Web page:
My life in outer space

Grass – Sheri S Tepper (1989)

Grass

‘Generations ago, humans fled to the cosmic anomaly known as Grass. But before humanity arrived, another species had already claimed Grass for its own. It too had developed a culture… Now a deadly plague is spreading across the stars, leaving no planet untouched, save for Grass.
But the secret of the planet’s immunity hides a truth so shattering it could mean the end of life itself.’

Blurb to the Gollancz SF Masterworks 2002 edition

Tepper didn’t start publishing until she was in her fifties, but since then she has been remarkably prolific within the Holy Trinity of speculative genres. SF, Fantasy and Horror.
‘Grass’ is the first in a series of books featuring Marjorie Westriding, the wife of Rigo Yrarier, an irascible Catholic diplomat. He is also the nephew of the Carlos Yrarier, Hierarch of Sanctity, a repressive theocracy which more or less controls life on the majority of settled human worlds.
A plague is loose in the human population and Marjorie, Rigo and their retinue have been sent to the planet Grass which may or may not hold a clue to its cure.
Grass is a complex and intriguing examination of alien psychology and human society, but to describe this novel in such terms is to be simplistic to say the least. Unlike many SF novels it is character-driven, and driven by characters diverse and extreme.
We are immediately introduced to the bon Damfel family, one of the seven aristocratic families of the planet Grass, as they are about to set off on a hunt, modelled on the British Fox Hunt (which, anachronistically, seems to be still thriving on Earth). It is not until much later in the novel that we see the ‘mounts’ and ‘hounds’ through the eyes of the first Terran ambassador and his family, who have been sent to Grass merely because they ride to hounds, and would therefore be more likely to bond more easily with the ruling families.
There are several main elements to this novel. There is the planet Grass itself and its disturbing metamorphic aliens and ecology; there is Sanctity, a weird futuristic and fascistic blend of Catholic and Mormon beliefs which has displaced most other religions and appears to be an undisputed theocratic dictatorship which has the power to sequester individuals without trial ‘within the Faith’ as it were.
So far, Sanctity has denied the existence of the plague which is devouring the bodies of people on many human worlds.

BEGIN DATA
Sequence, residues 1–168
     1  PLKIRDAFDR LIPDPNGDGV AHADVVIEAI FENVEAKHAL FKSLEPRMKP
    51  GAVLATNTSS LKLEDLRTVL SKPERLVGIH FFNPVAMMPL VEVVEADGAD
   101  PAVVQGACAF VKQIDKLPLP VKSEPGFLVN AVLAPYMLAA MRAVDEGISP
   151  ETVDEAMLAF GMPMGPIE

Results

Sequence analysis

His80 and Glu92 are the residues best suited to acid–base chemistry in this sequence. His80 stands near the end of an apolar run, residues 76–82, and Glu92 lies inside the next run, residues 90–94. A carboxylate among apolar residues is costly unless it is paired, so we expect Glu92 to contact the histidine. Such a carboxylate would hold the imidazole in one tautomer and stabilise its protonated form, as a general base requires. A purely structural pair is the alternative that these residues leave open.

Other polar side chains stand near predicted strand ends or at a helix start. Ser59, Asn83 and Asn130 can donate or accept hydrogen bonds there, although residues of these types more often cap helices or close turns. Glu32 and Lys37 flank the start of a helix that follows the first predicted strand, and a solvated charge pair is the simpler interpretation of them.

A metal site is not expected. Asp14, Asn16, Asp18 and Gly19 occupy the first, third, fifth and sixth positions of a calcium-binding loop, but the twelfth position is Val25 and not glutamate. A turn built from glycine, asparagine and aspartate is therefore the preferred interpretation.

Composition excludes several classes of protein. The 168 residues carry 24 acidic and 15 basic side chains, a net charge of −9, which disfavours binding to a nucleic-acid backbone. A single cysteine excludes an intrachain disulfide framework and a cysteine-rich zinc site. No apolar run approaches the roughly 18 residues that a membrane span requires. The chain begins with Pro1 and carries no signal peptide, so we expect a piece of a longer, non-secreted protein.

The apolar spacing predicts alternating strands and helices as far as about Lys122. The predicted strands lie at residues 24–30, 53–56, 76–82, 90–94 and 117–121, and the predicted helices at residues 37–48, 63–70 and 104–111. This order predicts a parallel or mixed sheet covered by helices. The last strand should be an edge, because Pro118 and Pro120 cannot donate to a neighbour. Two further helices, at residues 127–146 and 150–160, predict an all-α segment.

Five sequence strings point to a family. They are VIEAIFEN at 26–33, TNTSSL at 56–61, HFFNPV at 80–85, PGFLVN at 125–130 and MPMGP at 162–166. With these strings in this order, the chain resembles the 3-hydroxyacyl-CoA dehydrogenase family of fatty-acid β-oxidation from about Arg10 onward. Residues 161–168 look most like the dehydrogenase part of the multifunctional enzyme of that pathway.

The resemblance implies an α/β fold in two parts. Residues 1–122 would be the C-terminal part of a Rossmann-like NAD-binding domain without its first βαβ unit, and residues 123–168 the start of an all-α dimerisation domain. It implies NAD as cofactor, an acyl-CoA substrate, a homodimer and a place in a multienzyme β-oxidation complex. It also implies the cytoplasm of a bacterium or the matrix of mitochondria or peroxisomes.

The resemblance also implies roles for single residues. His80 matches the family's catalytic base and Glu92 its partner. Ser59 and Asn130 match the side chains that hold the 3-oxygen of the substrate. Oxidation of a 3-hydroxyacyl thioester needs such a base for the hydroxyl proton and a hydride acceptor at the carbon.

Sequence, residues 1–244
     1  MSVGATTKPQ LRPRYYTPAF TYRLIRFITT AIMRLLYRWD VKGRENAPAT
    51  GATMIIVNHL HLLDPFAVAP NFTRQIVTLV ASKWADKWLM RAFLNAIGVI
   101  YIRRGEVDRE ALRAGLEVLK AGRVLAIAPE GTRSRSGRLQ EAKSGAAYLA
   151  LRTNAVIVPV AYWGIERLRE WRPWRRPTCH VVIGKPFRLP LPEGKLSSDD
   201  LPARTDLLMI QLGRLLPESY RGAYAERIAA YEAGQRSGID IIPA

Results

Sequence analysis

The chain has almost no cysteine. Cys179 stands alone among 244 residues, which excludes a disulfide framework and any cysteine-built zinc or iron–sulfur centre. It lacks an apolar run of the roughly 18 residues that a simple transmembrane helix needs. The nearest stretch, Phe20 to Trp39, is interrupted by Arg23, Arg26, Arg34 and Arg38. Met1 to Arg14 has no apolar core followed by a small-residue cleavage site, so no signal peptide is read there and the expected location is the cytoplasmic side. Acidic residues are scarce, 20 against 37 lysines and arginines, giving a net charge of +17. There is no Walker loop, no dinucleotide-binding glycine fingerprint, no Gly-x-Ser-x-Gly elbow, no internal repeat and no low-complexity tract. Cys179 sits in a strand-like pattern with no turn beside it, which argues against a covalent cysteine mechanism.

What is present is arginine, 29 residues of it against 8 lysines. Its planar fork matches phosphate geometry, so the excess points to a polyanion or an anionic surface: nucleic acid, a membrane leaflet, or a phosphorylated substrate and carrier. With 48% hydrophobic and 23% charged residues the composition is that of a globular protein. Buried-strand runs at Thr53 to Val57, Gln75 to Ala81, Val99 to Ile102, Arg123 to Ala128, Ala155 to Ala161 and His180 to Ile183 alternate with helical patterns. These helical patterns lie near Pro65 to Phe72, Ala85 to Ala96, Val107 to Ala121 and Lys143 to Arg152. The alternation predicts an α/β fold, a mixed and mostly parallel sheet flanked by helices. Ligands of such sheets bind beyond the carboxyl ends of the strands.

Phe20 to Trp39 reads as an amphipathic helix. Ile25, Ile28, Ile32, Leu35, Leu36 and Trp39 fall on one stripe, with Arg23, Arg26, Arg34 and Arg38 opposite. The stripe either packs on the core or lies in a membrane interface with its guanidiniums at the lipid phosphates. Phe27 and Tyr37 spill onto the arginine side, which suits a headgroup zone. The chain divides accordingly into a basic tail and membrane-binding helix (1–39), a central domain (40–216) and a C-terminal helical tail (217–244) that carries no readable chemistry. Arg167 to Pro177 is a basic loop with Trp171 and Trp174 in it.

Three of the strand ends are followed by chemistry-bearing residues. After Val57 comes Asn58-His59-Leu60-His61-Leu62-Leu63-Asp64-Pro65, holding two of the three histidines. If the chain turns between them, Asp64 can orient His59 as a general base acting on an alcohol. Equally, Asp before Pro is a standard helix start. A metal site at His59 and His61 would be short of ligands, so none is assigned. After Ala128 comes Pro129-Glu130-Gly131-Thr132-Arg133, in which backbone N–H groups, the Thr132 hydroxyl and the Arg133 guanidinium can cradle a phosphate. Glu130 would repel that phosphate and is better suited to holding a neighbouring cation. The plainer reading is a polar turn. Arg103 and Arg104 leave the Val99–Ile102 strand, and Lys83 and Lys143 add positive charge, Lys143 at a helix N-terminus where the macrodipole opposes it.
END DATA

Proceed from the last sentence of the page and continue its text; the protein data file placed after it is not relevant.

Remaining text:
It is significant perhaps that this was written in the late eighties at a time when the spectre of AIDS was hanging over the world and HIV was far less well understood than it is today. Whether or not Tepper is making some sort of veiled comment about religious groups and organisations either hiding their heads in the sand or conversely embracing the virus as a weapon of God against the sinful is unclear, but the comparison remains. In some ways, Sanctity (and their spin-off Doomsday cult, The Moldies) are thankful for the plague for different reasons: the Church hoping that it will wipe out the Godless masses so that Sanctity can rebuild civilisation and The Moldies hoping that it will simply wipe everyone out.
Then there is the vanished Elder Race, The Arbai, whose ruined cities have been found scattered sparsely across several settled human worlds. Elder Races sometimes perform a semi-religious function within the genre; god-like creatures with lost technologies far beyond our own who once roamed and possibly conquered the universe but are now gone, having left something behind, in some cases a clue to the central mystery of the novel, as in McDevitt’s ‘Engines of God’ or indeed Clarke’s ‘Rendezvous with Rama’.
Finally there is ‘the Hunt’, a gross reflection of Marjorie’s hunt for a cure for the plague. The ‘bons’ of Grass are essentially addicted to the Hunt, so enmeshed in its ritual and the cerebral pleasure obtained from communion with the mounts and hounds that they accept the mutilations, deaths and ‘vanishments’ of their own children.
Again, like addicts, they refuse to face up to the reality of their habit and through enshrining it in custom have blessed it with a veneer of respectability.
Running through is also the theme of women being controlled, from the women of the ‘bon’s (who are manipulated both by the males of their families and by the Hippae, even to the extent of having their personalities erased and being used as living weapons to carry the plague to humanity) to Marjorie, who is controlled both by her husband and by the Church who expect her to be subservient to Rigo.
If nothing else ‘Grass’ is a sharp and skilfully drawn portrait of avoidance and denial.
It has a deft and meticulously choreographed plot in which emotions, actions and reactions combine to ignite change and revelation. One could even say that it is the friction between the complex personalities of Rigo and Marjorie which drives the plot. Their relationship, or lack of one, can be seen as a contrast between the effect they have on each other and the effect that their relationship has on everyone around them.
Tepper’s sublime powers of characterisation ensure that we do not see Rigo as an evil man, or even a stupid one, but perhaps an insecure and obsessively controlled and controlling one.

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